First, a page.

Bring a bit of peace and beauty into your home! If you are a nature lover and need a calming force that mesmerizes, might I suggest you turn on the captivating vistas of NatureVision TV now on Netflix. Season 3 unveils about 10 hours and 10 episodes of natural world diversity from ocean to jungle.
Whether you meditate with the video and soothing music softly playing in the background or choose to mute the sound just to appreciate the awe of the bounty of creatures and places, this video collection would be great for parties and get togethers. Try using this marvelous collection just as TV art, instead of your TV just being a blank canvas.
If you are a Netflix subscriber and want something unique and attractive to play throughout the day, like moving art, or just want peaceful television to wake and go to bed to, consider this wonderful collection of our planet’s gifts.
I will report more, soon, on other Netflix finds, both nature-related, and not, very soon.
My card to you for these holidays,
Is one of appreciation, in so many ways,
My focus is Parkinson’s but I’ll try to write more,
My goal is to share insight and options to explore,
As the holidays near and you may take on more stress,
Be kind to yourself, and worry less on the mess,
Enjoy your family and your treasured friends,
Keep the spirit, long after the season ends,
Thank you for reading and joining my site,
To all of you readers, I wish you a goodnight!
Healing Becomes a Prime Time Show
The world is shifting faster and even more progressively to complementary medicine, than I would ever have imagined. While late-night television channel surfing, I found a program that appears to be both informative and comforting. This new show is on a channel that I rarely watch. Home to numerous reality and family related dramas, TLC is not a station that usually offers programming that thrills me. I will admit that this show really interests me.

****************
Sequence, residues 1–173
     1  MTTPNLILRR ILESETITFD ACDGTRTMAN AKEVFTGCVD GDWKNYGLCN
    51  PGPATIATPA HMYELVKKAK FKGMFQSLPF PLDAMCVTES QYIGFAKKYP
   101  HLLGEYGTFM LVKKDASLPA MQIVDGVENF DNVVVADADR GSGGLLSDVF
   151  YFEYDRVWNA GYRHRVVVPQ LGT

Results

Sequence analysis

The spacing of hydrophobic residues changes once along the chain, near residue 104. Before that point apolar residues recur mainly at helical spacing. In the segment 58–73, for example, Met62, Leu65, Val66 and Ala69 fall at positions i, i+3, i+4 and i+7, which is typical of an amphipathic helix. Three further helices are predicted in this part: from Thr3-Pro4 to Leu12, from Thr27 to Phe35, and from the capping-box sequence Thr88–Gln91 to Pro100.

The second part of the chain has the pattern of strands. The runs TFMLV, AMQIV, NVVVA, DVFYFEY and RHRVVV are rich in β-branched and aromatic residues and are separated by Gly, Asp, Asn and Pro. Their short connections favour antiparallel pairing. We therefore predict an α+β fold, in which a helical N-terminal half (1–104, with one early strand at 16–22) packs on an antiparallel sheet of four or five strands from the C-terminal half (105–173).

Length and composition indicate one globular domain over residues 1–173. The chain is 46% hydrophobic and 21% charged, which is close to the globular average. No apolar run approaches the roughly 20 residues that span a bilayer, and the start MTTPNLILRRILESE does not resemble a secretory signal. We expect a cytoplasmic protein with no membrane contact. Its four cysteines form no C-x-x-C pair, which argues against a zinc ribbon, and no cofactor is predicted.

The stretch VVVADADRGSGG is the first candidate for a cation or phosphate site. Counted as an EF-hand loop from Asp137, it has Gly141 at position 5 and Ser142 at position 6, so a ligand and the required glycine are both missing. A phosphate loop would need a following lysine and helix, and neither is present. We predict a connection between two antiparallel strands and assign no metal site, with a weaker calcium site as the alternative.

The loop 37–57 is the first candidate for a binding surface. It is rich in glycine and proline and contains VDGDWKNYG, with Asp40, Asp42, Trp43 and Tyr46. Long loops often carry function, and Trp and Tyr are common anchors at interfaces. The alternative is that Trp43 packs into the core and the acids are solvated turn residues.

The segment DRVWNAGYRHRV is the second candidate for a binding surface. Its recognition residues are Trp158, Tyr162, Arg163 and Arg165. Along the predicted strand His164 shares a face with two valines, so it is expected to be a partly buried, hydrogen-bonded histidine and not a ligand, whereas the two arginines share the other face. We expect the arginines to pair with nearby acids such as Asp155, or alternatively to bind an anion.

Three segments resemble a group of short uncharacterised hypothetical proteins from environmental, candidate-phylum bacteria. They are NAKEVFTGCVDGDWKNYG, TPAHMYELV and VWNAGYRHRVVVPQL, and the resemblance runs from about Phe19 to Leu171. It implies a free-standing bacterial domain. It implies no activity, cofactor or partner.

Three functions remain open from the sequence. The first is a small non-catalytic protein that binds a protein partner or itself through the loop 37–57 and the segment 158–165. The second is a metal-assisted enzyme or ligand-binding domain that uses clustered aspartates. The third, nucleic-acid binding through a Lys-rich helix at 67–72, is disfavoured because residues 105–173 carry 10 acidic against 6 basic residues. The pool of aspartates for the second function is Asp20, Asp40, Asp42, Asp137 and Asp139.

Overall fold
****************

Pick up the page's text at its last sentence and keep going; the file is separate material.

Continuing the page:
I came across a new show called, The Healer. Let me say that as a Parkinson’s patient and a reiki master, I use the term “healer” very rarely and very carefully. I had to see what TLC was doing with someone who had the ego and gift of restoring one to health. To use the word “healer” takes on a serious responsibility.
Charlie, an Australian entrepreneur, has been using his “gift” for several years and seems to deliver results with varying success. Charlie admits that results may depend upon the malady and the severity of it. I respect that he takes his gift so seriously. He freely admits that some illnesses may not respond well to his energy work, while some may react better. I also like that he shares his gift at no charge.
Doctors on the show are amazed, without explanation, yet appear to be willing to make the mind-shift that energy work may have merit. They are witnesses of the inexplicable. The doctors don’t deny that after Charlie’s treatment, something substantial has just occurred for their patient. Skepticism is understandable from the medical community, but when they see results from complimentary therapies, they should be willing to acknowledge them. One of the biggest dilemmas facing energy workers and the medical community is that if they both worked together, the patient may very well see surprising new results and at minimal cost.
I have seen slightly over one episode so far. I am an energy worker. I find the delving and unveiling of energy work on prime time television as a huge leap in the right direction! Shows like this demystify and shed light on the benefits of touch. This television program helps to show that hands on work has much to offer. In the United States, patients are less likely to pursue energy workers. In my opinion, the reason that many doctor(s) discount or don’t understand the potential benefit of working with energy practitioners is that little to no research has been funded.